Art, as I understand it, is a way of communicating about such things, and about other things that can't be explained in simple prose. Or just a different way of speaking, a way that has nothing to do with politics. Turn a work of art into a position statement and you have destroyed something valuable. In our society we have a deep habit of doing exactly that. We are constantly taking beautiful, meaningful things and dragging them down into our partisan wrangling, or offering interpretations that are correct but still miss the point. To me this is a symptom of a deep problem: we politicize everything because we don't know what else to do with it. We have no better way of speaking about deep things. And since politics is a partial, flawed way of thinking about life, we lack the words for speaking our lives.

I do know that this can be seen as a conservative position, and that people who really want to change society think it is important to attack old art along with everything else about the sick world they reject. I disagree. It seems to me that many of the most effective revolutionaries, from Benjamin Franklin to FDR to Nelson Mandela, have been very respectful of what came before, and felt no need to go around ruining people's love for beautiful things.

Spiritual Politics

Democratic politics is a hybrid beast, like a chimera or a griffon, that mixes up the practical business of governing with a way of speaking about our lives. Voter behavior is often baffling to rationalists like me, because I think politics is about choosing managers for the state. Other people think it is a way to say something. What many people want from politics is to be heard, and what they want in a leader is someone who understands them. They long for this because, for reasons particular to our society, or particular to some parts of it, or general to all of humanity, they feel hurt and lonely and unheard.

Which is not a way of defending how people vote. Some people want to be heard saying awful things. But you cannot understand politics until you reflect that many people feel wounded and slighted by the world and want more than anything else for someone to hear their cries of pain. Don't bother trying to tell me that (for example) Trump voters don't really have anything to complain about, because everybody suffers. It's easy to laugh at the sufferings of rich people, or even at the sufferings of middle class white people, but it is still a mistake. Plenty of middle class white people commit suicide, or drug themselves into oblivion with alcohol and opiates.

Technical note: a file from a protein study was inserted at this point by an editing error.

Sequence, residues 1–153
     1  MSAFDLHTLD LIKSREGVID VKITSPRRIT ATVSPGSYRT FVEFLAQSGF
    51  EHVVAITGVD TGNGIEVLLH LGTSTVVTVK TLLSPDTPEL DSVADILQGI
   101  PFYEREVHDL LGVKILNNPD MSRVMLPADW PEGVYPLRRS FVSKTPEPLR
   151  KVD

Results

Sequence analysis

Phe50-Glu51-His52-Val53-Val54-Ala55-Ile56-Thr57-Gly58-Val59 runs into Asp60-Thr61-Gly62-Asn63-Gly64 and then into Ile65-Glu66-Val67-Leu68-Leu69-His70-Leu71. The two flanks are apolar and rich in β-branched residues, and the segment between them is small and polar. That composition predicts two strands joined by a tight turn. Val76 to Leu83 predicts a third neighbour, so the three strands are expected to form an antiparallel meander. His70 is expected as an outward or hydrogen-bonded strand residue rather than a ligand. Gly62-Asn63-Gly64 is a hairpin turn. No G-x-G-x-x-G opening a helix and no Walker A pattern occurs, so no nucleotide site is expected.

There is in America an ongoing discourse about attention. You see it everywhere: "Why aren't we talking about X?" Actually somebody probably is talking about X, even several thousand somebodies, but that isn't enough for some people. They want to know why certain things make the news but not others; why television shows focus on certain kinds of people and not their kind. They want to feel that other people care about what they care about, or even that the nation as a whole cares about what they care about. Some of these people are frankly crazy, as in, "Why aren't we talking about chemtrails?" But others are not so crazy. The culture really is focused on the doings of extraordinary people in New York and LA, rather than ordinary folks in suburban Milwaukee. Other than during national elections, when does the nightly news ever focus on asking ordinary people in boring places what they want? So when some people hear a politician who talks about what they care about in words that resonate with them, the response is overwhelming gratitude and loyalty. They will forgive such a leader almost anything, because they crave that sense of being known and understood and cared about.

They have those holes because of the spiritual vacuum at the heart of our society.

As to why our lives are so unsatisfactory, well, maybe that's just our lot. Maybe nobody is really that happy. I have spent very much of my life studying Medieval Europe, and I absolutely do not have the sense that they were spiritually better off than we are. Besides, for most people these voids I am speaking of are small or at least manageable; most of us do fine. But we have certain, particular problems that are to some extent new: our isolation and loneliness, our dependence on economic success to prove our worth, our lack of firm group identities. Compared to people in the past we are much more free, but much more alone, without the firm moral support a traditional society gives to people living by its rules. We no longer have tribes, but we still have strong tribal feelings; one way to think about the rancor of national elections is to see them as our version of the tribal wars that used to help people define themselves and their enemies.